Harvard Indian Project gives a hand to sovereignty


CAMBRIDGE, Mass. - Hundreds, if not thousands, of miles away from any major reservation, Harvard University's prestigious John F. Kennedy School of Government is rapidly becoming a bastion of the struggle for tribal sovereignty.

The new red-brick campus of the Kennedy School, tucked in a corner of the teeming, twisted streets of this Ivy League metropolis, is home to the Harvard Project on American Indian Economic Development, a 13-year-old effort to figure out why some tribes are success stories, and others aren't.

The professors who run the project now think they have an answer.

The key, says co-director Joseph P. Kalt, is well-designed tribal government. Leaving aside the handful of casino bonanzas, he says that the tribes with thriving economies are likely to be those with stable business laws, non-political, fair-minded court systems and constitutions that match the traditional tribal culture.

One of the project's studies, he says, shows the presence of an independent judiciary alone accounts for a 5 percent improvement in the unemployment rate.

The nations that had their acts together, like the White Mountain Apaches of east-central Arizona and the Choctaws of central Mississippi, were the economic anchors of their regions, Professor Kalt wrote in an important paper on tribal sovereignty. His co-author and project co-founder Stephen Cornell is now director of the Udall Center for Studies in Public Policy at the University of Arizona.

But, they note, other tribes plagued by instability and federally imposed institutions that didn't fit their traditions produced a depressing list of failures.

These findings have changed the thrust of the project from economic development to what the professors call "Nation-building."

"We found that capable institutions of self-government were an essential ingredient for building nations," said Andrew Lee, Seneca, program director. Good institutions go beyond promoting jobs, Lee said. Tribes have to show they can govern themselves to protect the gains of the 30-year struggle for sovereignty.

Lee runs an off-shoot of the project designed to highlight tribal successes - Honoring Contributions in the Governance of American Indian Nations. It is, in itself, a surprising success story.

The Harvard Project launched it in September 1998 as an experiment, but response was so heavy that it was upgraded to a full-scale program, Lee said.

By April, "Honoring Nations" had received 60 applications from more than 40 Indian governments in 21 states.

"Honoring Nations" was modeled after governmental "best practices" programs already in place in Brazil, the United States and the Philippines. It is supported by a grant from the Ford Foundation.

One of the project's conclusions may be surprising to some advocates of tribal reform. Although he supports the movement to replace the much criticized structures imposed by the "Indian New Deal" in the mid-'30s, Kalt warns it's not enough simply to copy the three-branch U.S. constitution.

What's needed, he says, is a "cultural match" between modern institutions and tribal tradition.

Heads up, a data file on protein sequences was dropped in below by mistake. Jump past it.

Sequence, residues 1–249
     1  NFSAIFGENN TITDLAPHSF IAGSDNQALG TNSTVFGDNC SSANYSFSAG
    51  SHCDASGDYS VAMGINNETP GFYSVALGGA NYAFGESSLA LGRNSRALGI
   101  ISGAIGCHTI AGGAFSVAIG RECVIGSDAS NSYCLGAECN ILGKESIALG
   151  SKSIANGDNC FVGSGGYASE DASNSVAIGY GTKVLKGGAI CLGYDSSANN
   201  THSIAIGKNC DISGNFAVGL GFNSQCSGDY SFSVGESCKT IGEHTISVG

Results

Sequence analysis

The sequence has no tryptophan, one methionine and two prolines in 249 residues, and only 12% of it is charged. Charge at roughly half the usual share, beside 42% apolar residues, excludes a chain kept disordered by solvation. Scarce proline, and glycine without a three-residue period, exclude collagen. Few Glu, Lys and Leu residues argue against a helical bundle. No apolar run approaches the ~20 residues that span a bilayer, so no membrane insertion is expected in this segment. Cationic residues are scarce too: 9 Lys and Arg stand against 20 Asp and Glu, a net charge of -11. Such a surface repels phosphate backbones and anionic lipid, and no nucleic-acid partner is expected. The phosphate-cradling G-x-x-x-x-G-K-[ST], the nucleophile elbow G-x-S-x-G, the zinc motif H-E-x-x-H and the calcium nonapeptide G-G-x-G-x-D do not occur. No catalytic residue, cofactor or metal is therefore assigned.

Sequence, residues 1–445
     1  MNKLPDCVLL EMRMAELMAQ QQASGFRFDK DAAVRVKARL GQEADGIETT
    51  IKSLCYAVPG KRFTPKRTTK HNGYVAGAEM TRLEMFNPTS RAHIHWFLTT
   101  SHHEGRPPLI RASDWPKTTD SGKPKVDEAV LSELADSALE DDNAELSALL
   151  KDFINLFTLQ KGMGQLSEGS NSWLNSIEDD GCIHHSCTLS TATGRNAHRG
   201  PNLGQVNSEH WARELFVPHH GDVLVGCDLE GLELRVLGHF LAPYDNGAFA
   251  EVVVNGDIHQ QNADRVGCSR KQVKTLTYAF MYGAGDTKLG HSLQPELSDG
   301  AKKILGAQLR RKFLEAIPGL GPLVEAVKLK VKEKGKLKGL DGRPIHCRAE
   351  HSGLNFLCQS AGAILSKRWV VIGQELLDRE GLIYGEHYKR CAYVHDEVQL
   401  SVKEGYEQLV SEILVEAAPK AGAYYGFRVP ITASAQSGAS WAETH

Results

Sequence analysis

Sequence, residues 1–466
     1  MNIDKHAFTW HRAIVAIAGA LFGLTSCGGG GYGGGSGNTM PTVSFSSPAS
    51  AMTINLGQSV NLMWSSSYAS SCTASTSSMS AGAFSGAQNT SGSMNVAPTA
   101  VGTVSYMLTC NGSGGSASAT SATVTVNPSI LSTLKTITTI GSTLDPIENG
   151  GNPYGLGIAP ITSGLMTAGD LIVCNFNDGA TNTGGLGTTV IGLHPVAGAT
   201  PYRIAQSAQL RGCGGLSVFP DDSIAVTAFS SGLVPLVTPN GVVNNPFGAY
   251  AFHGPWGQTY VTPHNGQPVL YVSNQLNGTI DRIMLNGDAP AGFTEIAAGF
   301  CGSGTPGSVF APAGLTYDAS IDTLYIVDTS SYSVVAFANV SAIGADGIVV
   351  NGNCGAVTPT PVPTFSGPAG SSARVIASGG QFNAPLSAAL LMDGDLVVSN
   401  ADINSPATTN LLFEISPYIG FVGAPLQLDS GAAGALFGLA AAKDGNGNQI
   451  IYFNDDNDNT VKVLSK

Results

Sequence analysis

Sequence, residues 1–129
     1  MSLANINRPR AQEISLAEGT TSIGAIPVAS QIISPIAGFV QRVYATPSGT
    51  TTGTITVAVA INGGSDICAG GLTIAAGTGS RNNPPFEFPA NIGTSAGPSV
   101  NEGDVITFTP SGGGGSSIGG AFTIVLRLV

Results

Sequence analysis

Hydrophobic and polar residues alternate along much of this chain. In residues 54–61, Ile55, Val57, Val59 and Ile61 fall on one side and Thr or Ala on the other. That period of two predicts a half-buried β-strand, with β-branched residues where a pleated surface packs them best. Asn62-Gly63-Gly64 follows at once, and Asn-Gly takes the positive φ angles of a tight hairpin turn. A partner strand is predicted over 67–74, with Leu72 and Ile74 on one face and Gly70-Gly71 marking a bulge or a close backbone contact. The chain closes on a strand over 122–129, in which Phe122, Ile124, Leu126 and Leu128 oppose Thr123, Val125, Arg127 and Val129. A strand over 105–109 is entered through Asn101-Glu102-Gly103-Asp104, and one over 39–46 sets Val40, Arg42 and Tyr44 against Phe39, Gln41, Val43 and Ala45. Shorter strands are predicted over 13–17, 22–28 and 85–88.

"Tribes that historically had a system of great centralization with a strong single chieftain," he said, do better with the single-body form of government than tribes with a "more horizontal" tradition. He offers the contrast of the White Mountain Apache Tribe of Arizona and the Oglala Lakota Tribe of Pine Ridge, both with centralized structures imposed by the Indian Reorganization Act of 1934.

The Apache, he says, are "comfortable" with the powerful executive and have one of the country's most successful records of tribal enterprises. But the record of failure at Pine Ridge, he says, is "long and depressing."

Unlike the Apache, Kalt said Lakota culture had little match with the IRA structure, so "the virtually identical institutions of governance at Pine Ridge ... have little legitimacy with the Lakota people.

"Indeed," he wrote in the sovereignty paper, "traditional Lakota government was a highly sophisticated system, complete with its own separation of powers, checks and balances, and clear division of authority. What's more, it worked."

The project actually designed such a constitution for the Crow Tribe in Montana but he says it foundered amid in-fighting by tribal factions.

As for governments spanning two or more tribes forced together by reservation policies, such as the Southern Cheyenne and Arapaho of Oklahoma or the Shoshone and Arapaho of Wind River in Wyoming, Kalt suggests the parliamentary system with a strong independent judiciary.

"You need some sense of fairness," he said.

These constitutional debates are bound to become more prominent in Indian country, Kalt says. Tribal reform, he agrees, looks like the next phase of the sovereignty struggle.

The Harvard Project hopes to be a valuable resource in this movement. It offers free research services and "executive education sessions" to individual tribes and leaders to discuss its findings. Lee said Kennedy School graduate students are required to write policy studies in place of master's theses. So far they have written about 200 project reports on Indian governance, often at the request of tribal leaders.

"Basically, they're acting as free policy consultants," he said.

A list of these reports is now available through the Harvard Project Internet web site (www.ksg.harvard.edu/hpaied), and, Lee said, eventually the full texts will be available on-line.

For now, Project leaders can be reached at Harvard at (617) 495-1338 and at the University of Arizona at (520) 621-7189.